The San Juan River forms in the San Juan Mountains of south central Colorado, on the Mineral-Rio Grande county line, then flows down into Archuleta County to Navajo Reservoir on the New Mexico border down through Farmington, New Mexico, then northwest into Utah near the juntion of borders between Utah, Arizona, Colorado and New Mexico (the only point in the United States common to 4 states.) About 120 miles of the river flows through Utah. The San Juan River is, for the most part, a Class I to III whitewater river in a classic pool-and-drop format, flowing across southeastern Utah to Glen Canyon on Lake Powell, and its confluence with the Colorado River just above the Grand Canyon in Arizona.
The San Juan River in Utah derives its flow primarily from the Animas River of Colorado and dam releases from Navajo Reservoir in northwestern New Mexico. Permits from the Utah BLM office are required for river trips on the San Juan, and substantial fines can be levied for camping along the river without having registered for reservations, so contact BLM at 435-587-1544 for information, permits and campsite reservations.
This 26.5 mile trip is on a shallow gradient as the river flows toward Lake Powell through the southeastern-most corner of Utah. Rapids on this section of the river rate Class I to II, with no major hazard concerns for competent paddlers. Scenery around this section is awesome, and it is a perfect place to capture some great photos, so be sure to bring your camera. The short trip can be made in 1-2 days, depending upon paddling speed and river conditions. A good year-round flow is provided by the Animas River, and additional water from Navajo Reservoir boosts the natural flow, but the river needs about 500 cfs to be navigable, so be sure to check the gauges before going. If the flow exceeds about 8,000 cfs, then it night be a good time to paddle somewhere else!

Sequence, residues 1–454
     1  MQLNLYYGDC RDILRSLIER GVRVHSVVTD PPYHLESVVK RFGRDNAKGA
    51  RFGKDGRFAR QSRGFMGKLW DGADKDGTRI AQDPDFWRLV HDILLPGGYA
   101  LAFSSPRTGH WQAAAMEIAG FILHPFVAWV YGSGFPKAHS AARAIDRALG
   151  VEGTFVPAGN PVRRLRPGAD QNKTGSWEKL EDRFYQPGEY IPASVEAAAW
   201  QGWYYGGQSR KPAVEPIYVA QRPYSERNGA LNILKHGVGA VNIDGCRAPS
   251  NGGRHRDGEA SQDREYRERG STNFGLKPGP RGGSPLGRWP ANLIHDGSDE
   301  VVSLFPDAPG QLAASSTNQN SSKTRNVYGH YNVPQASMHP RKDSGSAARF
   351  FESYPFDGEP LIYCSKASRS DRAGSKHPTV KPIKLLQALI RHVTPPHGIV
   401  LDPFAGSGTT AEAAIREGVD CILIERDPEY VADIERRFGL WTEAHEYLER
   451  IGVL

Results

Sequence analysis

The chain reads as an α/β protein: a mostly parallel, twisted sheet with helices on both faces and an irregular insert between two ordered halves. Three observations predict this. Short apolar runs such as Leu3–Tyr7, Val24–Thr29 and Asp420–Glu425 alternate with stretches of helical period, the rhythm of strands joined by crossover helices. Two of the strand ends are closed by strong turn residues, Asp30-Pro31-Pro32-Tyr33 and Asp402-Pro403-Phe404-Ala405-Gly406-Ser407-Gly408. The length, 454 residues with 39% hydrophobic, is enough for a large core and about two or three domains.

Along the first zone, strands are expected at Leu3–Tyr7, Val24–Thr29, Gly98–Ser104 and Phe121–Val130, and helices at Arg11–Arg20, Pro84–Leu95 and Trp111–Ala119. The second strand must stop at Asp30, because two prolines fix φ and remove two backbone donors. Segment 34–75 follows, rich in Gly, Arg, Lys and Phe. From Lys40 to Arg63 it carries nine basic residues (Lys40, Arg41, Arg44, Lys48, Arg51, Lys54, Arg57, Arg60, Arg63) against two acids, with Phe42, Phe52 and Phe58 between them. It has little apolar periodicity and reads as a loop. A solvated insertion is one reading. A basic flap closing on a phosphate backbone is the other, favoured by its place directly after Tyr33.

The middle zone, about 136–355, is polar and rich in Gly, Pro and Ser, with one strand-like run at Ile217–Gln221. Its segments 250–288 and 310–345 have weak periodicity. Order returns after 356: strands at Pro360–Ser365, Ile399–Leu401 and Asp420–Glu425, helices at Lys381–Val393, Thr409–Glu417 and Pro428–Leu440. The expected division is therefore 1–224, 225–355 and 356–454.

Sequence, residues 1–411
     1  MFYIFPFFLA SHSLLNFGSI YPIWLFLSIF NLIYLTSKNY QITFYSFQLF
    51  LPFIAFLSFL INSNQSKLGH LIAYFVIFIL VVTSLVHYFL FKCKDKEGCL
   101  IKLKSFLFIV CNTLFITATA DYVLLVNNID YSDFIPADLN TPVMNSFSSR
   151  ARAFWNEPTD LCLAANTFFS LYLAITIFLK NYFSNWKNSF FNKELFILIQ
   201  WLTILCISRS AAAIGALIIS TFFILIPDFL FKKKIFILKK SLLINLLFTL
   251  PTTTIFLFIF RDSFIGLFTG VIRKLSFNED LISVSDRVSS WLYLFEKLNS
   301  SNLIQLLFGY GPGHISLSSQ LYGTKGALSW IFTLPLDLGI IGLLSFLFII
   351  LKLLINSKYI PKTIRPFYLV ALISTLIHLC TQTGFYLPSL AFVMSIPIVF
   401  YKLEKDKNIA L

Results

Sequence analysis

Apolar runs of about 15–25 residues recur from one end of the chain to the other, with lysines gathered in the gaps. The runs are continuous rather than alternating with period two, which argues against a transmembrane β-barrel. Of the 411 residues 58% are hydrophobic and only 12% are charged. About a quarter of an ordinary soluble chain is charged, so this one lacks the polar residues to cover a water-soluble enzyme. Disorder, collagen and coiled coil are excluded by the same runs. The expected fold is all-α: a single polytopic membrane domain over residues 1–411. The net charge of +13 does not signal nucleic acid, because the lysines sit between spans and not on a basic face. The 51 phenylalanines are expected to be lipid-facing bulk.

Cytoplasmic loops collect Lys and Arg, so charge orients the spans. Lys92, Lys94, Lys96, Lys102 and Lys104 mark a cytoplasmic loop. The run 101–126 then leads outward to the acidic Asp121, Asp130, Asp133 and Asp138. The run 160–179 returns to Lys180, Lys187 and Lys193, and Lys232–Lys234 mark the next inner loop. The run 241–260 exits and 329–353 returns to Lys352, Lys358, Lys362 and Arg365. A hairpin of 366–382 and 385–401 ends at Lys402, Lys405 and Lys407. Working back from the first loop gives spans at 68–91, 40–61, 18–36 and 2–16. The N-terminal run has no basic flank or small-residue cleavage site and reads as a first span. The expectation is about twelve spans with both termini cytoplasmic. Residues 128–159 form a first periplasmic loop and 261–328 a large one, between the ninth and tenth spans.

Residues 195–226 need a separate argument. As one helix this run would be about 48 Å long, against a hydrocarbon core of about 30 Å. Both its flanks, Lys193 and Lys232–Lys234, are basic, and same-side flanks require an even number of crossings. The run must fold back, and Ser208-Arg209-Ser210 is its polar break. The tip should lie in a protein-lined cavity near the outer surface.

Extreme southeastern San Juan County near the Four Corners area. The Colorado River flows nearly perpendicular, on a northeast to southwest course, just a few miles to the west. The Manti La Sal National Forest is to the north, and Glen Canyon National Recreation Area is just to the west. Farmington, New Mexico is the nearest significant town.
Salt Lake City 343 miles; Grand Junction 215 miles; Denver 461 miles; Durango 125 miles; Albuquerque 317 miles; Phoenix 366 miles; Oklahoma City 879 miles; Dallas 1,005 miles; Austin 1,040 miles; San Antonio 948 miles; Houston 1,190 miles; Little Rock 1,218 miles; Kansas City 1,003 miles (all distances are approximate and depend upon starting point, destination point on the river and route taken.)
San Juan waters usually flow clean and clear, but not drinkable without purification. The river has a low flow characteristic, but levels below about 500 cfs are usually too low for good trips, especially in loaded boats on multi-day adventures. Flows exceeding about 8,000 cfs are dangerously high, and should be avoided.
The San Juan river usually flows best from late March through June, depending upon winter snowpack and spring rainfall in the drainage basin. Local precipitation conditions can prompt adequate flows anytime, but paddling in the dead of winter would not be a pleasant experience for most boaters.
A BLM permit is required to float any section of the San Juan River between Montezuma Creek and Clay Hills. From November 1 to the last day of February, the permit is free. From March 1 - October 31, there is a fee for the permit, the cost depending on the number of people in your party and the reach of the river where you are paddling. Call or write to the BLM Monticello Field Office for a permit application at: Bureau of Land Management
P.O. Box 7
Monticello, UT 84535
Permit applications for the following season are normally available in early December and permits can be obtained through the Recreation.gov